r'nuadelphia Orchestra symphony con
certs. Mr. Gabrllowitsch has often
said he liked Philadelphia an'dr Phila
delphia audiences have never failed to
show esteem for him in his numerous
While an extensive concert tour has
been arranged for both the pianist and
his wife, they expect to spend con
siderable time at their Ardmore home
and wish to take part in the musical
life of Philadelphia.
Herman Heller, formerly conductor
of the orchestra at the Multnomah Ho
tel, this city, and also a member of
the first violin section of the Portland
Symphony Orchestra, is now director of
the orchestra of 25 pieces at the Palace
Hotel, San Francisco.
Mrs. Katharine Neal Simmons, so
prano, assisted by Miss Mildred Ray
mond, piano accompanist, and Fred
Smaker, flute soloist, of the Seattle
Philharmonic Orchestra, appeared with
success last Friday at Olympia. Willi..
In a concert of music Illustrating; folk
songs of American Indians.
In a discussion of American maale
and composers before Chapter M. P. E.
O.. last week. Miss Nettle Leona Foy
was ably assisted by Mm. Jessie Orton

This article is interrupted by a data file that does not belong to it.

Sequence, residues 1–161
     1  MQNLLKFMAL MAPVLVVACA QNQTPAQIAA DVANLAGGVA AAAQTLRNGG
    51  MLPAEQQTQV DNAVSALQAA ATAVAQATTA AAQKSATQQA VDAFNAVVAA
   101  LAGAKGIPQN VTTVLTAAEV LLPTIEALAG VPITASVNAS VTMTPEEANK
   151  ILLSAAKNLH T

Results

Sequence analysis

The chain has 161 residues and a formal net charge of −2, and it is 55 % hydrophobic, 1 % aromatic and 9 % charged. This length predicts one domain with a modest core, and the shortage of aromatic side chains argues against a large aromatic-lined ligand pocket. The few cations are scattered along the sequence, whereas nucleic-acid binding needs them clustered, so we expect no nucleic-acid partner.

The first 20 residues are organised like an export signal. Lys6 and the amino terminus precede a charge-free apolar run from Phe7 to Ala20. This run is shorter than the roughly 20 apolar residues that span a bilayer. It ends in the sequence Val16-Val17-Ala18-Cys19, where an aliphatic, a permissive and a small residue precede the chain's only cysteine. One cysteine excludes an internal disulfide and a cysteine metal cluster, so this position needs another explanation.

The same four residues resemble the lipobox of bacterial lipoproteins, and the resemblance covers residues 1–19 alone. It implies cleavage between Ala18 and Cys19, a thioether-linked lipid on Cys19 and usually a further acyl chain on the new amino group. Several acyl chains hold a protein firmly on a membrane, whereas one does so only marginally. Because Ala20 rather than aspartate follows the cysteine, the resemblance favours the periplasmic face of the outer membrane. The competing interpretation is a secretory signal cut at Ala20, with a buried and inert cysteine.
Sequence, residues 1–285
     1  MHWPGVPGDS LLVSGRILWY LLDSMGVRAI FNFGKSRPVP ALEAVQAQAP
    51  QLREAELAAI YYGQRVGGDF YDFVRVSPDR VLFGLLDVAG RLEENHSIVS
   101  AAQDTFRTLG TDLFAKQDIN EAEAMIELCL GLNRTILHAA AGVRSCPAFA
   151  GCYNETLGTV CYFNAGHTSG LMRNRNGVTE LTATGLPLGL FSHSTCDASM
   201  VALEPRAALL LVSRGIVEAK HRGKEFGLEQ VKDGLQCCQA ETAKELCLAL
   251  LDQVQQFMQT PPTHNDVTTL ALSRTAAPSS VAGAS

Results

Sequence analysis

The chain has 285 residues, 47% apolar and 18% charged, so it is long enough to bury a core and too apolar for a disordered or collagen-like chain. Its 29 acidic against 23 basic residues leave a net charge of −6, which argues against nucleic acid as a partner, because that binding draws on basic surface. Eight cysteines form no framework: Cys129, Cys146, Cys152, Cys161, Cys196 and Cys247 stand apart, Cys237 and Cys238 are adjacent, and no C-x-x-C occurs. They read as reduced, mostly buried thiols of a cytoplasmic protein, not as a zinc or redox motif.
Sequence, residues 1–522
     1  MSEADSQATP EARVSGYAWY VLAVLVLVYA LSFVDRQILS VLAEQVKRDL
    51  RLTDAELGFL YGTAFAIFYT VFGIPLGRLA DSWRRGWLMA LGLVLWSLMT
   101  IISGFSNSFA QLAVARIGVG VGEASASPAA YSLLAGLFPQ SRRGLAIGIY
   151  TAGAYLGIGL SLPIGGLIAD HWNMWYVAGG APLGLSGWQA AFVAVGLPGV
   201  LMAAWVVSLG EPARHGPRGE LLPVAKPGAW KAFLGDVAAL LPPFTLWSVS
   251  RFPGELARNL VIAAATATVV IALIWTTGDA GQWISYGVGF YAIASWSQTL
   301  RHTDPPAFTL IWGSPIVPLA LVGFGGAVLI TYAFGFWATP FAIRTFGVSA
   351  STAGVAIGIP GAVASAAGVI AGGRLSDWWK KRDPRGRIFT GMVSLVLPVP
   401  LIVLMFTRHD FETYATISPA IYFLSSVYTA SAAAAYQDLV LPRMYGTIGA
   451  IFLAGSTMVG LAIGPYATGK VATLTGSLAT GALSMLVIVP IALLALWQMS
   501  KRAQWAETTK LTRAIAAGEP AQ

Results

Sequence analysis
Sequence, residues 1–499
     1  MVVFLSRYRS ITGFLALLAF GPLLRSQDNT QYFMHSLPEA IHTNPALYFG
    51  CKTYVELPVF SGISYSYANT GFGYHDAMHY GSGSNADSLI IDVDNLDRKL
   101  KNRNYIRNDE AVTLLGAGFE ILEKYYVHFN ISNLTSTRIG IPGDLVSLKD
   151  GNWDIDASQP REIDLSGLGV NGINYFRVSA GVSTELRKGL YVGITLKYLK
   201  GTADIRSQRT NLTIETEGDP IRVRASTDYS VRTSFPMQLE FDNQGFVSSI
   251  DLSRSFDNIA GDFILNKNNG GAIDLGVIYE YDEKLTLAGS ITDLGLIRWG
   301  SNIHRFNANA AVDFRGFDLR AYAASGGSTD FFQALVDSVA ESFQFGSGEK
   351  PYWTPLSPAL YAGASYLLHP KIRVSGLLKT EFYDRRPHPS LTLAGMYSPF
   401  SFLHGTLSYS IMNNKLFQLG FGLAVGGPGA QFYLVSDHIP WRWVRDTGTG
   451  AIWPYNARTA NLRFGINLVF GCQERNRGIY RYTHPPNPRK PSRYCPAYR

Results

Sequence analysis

Steckle. Mrs. M. Gabrlel-Pullln. so
pranos ; Mrs. Esther Boomer, mezzo,
and Mrs. Katherine Gabriel, contralto,
who interpreted songs by Nevin, Mrs.
H. II. A. Beach. Horatio Parker. Dud
ley Buck and MacDowell. Mrs. Boomer
iri a recent acquisition to Portland mu
sical circles itora Manila, P. I.
It will please the many friends In
this city of Mrs. Delphlne Marx, for
merly contralto of the choirs of the
Temple Beth Israel and First Congre
gational Church, to know that slie has
been appointed contralto at the Beth
Elloum Synagogue, Brooklyn. N. Y.
She was given this choir position five
days after she landed In New York
from this city. On a recent Sunday
Mrs. Marx sang for Dr. Stephen S.
Wise at the Free Synagogue, New
The chorus of the" Rose City Park
Methodist Episcopal Church, under di
rection of Mrs. William C. Schmitt, will
give the first sacred concert of the sea
son at the regular vesper service hour,
4:30 o'clock this afternooa. The pro
gramme: Chorus, "Sing and Rejoice"
(Blount): male quartet. "Sweet Sab
hath Eve" (Parks): chorus. "Harfcl
Hark! My Soul" (Shelley), contralto so
lo. Mrs. Dickinson, and soprano ob
llcato, Mrs. Walker: "cello solo. "Lar
go" (Handel). George Francis: chorus,
"Heaven Is Our Home" (Bischoff); so
lo. Mrs. E. N. Wheeler, with 'cello ob
ligato. George Francis: chorus,' "Spirit
Of God" (Humason); solo. "The Strength
of the Hills' (Nevin). Mr. Eder: chorus,
"Praise My Soul" (Schnecker). The
personnel of the choir is: Mrs. George
A Cross. Mrs. S. L. Kartn, Mrs. w. it.
Whitaker. Mrs. J. C. Hamilton. Mrs.
P. H. Walker, sopranos; Mrs. Walter
L. Cornell. Miss Margaret Thompson
Mrs. S. B. Dickinson. Miss Salome Em-
lson. Miss Ruth Rhodes, contraltos:
Dr. Roy Peebles, D. E. H. Greer, E. C.
Lindsey, tenors; W. E. Ramsey, o.
Youngr, Dr. S. B. Dickinson, bassos.
Edith Moyer Is organist.